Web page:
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California football team settles unfair wages lawsuit

Attorneys for the Oakland football team, the Raiders, and its cheerleading squad, the Raiderettes, announced a proposed settlement to a lawsuit accusing the team of paying less than minimum wage. The parties will seek the judge's preliminary approval on Sept. 26.

To settle the lawsuit, which was filed in the Alameda Superior Court in January, the Oakland Raiders agreed to pay $1.25 million. After legal and other fees, about $800,000 will be divided among the 90 women who worked from 2010 through 2013 as cheerleaders during any of the four NFL seasons. The settlement is compensation for unpaid expenses, minimum wages and interest on those unpaid amounts.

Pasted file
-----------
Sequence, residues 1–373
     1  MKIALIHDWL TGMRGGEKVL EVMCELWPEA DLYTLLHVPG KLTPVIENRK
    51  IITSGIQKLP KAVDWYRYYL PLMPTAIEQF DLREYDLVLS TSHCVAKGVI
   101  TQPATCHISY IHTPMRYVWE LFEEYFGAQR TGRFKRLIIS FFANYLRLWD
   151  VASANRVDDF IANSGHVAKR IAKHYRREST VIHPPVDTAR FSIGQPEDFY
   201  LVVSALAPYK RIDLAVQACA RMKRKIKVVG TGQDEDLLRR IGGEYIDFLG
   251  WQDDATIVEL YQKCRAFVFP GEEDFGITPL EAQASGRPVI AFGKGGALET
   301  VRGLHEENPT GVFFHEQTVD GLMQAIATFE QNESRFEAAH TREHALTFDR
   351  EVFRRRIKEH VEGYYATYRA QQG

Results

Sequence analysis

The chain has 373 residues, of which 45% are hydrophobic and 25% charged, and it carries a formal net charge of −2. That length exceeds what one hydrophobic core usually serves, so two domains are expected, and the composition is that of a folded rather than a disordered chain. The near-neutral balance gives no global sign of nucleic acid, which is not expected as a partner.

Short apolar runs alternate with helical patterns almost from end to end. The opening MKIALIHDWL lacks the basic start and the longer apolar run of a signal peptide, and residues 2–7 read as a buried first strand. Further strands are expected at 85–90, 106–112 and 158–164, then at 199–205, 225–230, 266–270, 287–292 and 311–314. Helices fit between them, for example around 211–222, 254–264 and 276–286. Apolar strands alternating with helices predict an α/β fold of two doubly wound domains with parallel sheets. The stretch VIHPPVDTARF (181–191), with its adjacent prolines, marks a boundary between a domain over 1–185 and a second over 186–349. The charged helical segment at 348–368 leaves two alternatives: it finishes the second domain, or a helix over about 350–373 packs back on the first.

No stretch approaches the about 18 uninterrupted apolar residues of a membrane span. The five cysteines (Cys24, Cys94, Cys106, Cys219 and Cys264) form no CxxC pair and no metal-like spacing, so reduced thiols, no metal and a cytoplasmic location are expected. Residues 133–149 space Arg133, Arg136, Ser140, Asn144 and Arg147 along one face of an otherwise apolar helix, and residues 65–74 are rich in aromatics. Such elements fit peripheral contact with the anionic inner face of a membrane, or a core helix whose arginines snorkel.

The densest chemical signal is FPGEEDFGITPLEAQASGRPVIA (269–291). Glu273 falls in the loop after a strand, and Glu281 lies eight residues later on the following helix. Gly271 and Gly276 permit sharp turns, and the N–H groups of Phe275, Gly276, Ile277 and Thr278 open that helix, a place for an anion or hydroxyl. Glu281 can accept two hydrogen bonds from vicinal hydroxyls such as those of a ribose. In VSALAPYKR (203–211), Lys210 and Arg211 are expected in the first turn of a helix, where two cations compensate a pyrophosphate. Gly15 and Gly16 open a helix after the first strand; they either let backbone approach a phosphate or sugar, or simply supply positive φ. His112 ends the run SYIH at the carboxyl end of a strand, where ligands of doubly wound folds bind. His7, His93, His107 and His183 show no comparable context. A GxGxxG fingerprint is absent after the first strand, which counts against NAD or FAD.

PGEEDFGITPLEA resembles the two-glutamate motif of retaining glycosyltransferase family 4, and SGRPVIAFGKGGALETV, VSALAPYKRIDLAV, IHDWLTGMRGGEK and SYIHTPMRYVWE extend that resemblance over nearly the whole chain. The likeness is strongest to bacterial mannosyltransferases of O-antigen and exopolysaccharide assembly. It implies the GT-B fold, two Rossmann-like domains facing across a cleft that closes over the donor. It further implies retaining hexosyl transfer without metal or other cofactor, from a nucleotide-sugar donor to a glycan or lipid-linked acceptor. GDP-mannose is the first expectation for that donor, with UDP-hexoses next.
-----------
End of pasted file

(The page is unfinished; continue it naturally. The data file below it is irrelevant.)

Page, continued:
The lawsuit alleged that the Raiders violated state and federal labor laws by paying less than the minimum wage statutes required. The team also failed to reimburse travel, uniform and other expenses and reportedly withheld wages until the end of the season. California law mandates pay at minimum twice monthly, and current minimum wage is $9 per hour, which much higher than the Raiderettes' estimated $5 per hour compensation. In 2013, the Raiders increased the cheerleaders' salary, and the team's policies were changed to comply with state law.

All employers are legally obligated to pay hourly employees at least the minimum wage and pay additional wages for overtime hours worked by non-salaried employees. Authorized time spent working, even if the work occurs off-site, may need to be compensated as well. If an employee believes his or her employer failed to follow wages and hours laws, then the worker should consider consulting with an attorney who might be able to help that person pursue compensation.

Source: San Francisco Gate, "Oakland Raiders settle cheerleader suit over pay issues", Bob Egelko, September 05, 2014

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